By Ben Golliver
February 12, 2014

The NBA issued Suns forward P.J. Tucker a warning for flopping on Wednesday.

Tucker's flop occurred in the second quarter of Phoenix's 103-97 home loss to Miami on Tuesday. With a little less than a minute remaining before halftime and Phoenix leading 46-43, Tucker fell to the floor in transition after absorbing contact from Heat forward LeBron James.

The two players were running stride for stride and they came together near mid-court as the Heat looked to press an advantage on the fast break. Tucker fell hard to the court after receiving a shoulder from James. The play led to a foul call on James and negated a potential scoring opportunity for the Heat. Replays indicated that there was contact between the two players but Tucker appeared to fall at an angle and with a force that was inconsistent with the degree of contact.

This type of flop was specifically brought up in the NBA’s official video introducing its flopping policy. In the video, then-Celtics big man Ryan Hollins flew to the ground during an inbounding situation, pretending to have been shoved by Sixers guard Evan Turner as he worked to receive the pass from out of bounds.

“The highlighted defensive player on this play, No. 50 in the white uniform, gets entangled with the offensive player who is moving to receive the inbounds pass,” the video’s narrator explains. “The defender then throws himself backward to the floor, simulating that he was pushed down on the play. This was an unreasonable embellishment by the defensive player designed to draw an unearned offensive foul on his opponent.”

Earlier this season, Timberwolves forward Corey Brewer was warned for flopping against James. The league's back-to-back MVP also accused Nets forward Andrei Kirilenko of flopping against him back in January, although no warning was issued. James has yet to be warned for flopping during the 2013-14 season, but he was fined for a flop during the 2013 playoffs.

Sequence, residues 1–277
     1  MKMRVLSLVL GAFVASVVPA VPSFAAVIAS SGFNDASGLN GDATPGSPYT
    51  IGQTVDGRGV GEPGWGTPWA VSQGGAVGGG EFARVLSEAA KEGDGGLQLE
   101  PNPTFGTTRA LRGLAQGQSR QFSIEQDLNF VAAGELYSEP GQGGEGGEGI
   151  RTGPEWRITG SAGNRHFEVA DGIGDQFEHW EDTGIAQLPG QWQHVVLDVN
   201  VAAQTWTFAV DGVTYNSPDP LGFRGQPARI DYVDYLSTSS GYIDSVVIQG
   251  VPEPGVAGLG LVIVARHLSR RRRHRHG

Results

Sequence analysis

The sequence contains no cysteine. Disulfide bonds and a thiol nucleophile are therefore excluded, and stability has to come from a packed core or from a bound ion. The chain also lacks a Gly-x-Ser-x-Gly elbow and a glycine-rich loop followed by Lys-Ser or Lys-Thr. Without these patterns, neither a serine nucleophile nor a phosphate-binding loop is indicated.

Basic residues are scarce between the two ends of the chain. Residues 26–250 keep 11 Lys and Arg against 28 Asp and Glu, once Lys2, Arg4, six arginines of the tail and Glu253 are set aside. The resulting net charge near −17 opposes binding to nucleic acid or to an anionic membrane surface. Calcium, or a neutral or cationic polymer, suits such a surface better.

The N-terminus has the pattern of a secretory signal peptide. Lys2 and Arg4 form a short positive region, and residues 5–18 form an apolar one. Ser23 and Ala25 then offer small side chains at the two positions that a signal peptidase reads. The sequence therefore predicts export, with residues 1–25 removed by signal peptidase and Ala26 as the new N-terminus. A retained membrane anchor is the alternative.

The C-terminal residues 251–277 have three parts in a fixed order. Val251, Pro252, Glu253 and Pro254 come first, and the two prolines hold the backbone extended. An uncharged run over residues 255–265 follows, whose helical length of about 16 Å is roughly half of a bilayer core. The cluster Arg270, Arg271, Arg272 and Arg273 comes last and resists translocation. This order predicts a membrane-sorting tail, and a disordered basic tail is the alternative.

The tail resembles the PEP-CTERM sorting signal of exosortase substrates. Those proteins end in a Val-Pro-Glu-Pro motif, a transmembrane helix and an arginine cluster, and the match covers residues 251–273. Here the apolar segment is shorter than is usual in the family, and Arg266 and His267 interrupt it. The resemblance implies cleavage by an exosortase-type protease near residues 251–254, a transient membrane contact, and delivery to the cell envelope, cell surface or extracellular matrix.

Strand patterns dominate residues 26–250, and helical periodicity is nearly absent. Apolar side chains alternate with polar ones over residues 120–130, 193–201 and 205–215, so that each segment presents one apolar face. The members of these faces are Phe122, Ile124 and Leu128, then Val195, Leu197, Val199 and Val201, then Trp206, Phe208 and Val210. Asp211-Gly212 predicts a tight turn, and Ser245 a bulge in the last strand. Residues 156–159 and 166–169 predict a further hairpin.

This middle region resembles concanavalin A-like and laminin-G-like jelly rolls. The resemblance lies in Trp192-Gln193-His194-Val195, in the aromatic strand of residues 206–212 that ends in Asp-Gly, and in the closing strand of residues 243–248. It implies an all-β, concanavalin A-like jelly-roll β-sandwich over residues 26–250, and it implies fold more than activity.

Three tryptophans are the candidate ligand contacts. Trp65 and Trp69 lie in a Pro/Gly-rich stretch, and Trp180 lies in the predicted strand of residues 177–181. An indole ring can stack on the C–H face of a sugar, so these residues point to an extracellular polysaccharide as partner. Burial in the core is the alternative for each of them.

The 10 most ridiculous flops of the 2012-13 season

Tucker becomes the 24th player warned for flopping this season, joining Wizards guard John Wall, Timberwolves forwards Kevin Love and Brewer, Spurs guard Patty MillsBucks center Zaza Pachulia, Rockets guard James HardenKnicks guard Iman Shumpert, Clippers guard Chris PaulCavaliers center Anderson Varejao, Celtics forward Jared SullingerMavericks forward Dirk NowitzkiBobcats guard Gerald HendersonWarriors forward/center Marreese Speights, Sixers guard Tony WrotenBulls forward Taj GibsonPistons guard Brandon JenningsLakers guard Jodie MeeksPacers guard Lance Stephenson, Celtics guard Jerryd Bayless, Rockets forward Chandler Parsons, Heat guard Mario Chalmers, Bucks guard Brandon Knight and Timberwolves guard Kevin Martin.

HardenBrewerStephenson and Chalmers have all been fined $5,000 for incurring second violations.

Instituted before the 2012-13 season, the NBA's anti-flopping system provides one free warning to players before they are subjected to a scaling set of monetary fines.

  • Violation 1: Warning
  • Violation 2: $5,000 fine
  • Violation 3: $10,000 fine
  • Violation 4: $15,000 fine
  • Violation 5: $30,000 fine
  • Violation 6: Subject to discipline reasonable under the circumstances, including an increased fine and/or suspension

The NBA assigned 24 flopping violations to 19 different players on 13 different teams during the 2012-13 regular season. Five players received two infractions each, earning fines totaling $25,000, with zero players getting dinged three or more times.

During the 2013 playoffs, the NBA removed the free warning and began assessing fines. Although commissioner David Stern said that the league's current policy "isn't enough" to curb the practice, the league did not adopt any changes to the policy during the offseason.

The NBA defines flopping as "any physical act that, following review, reasonably appears to be intended to cause the game officials to call a foul on another player" with the “primary factor” in determining a flop being whether “a player’s physical reaction to contact with another player is inconsistent with what would reasonably be expected given the force or direction of the contact.”

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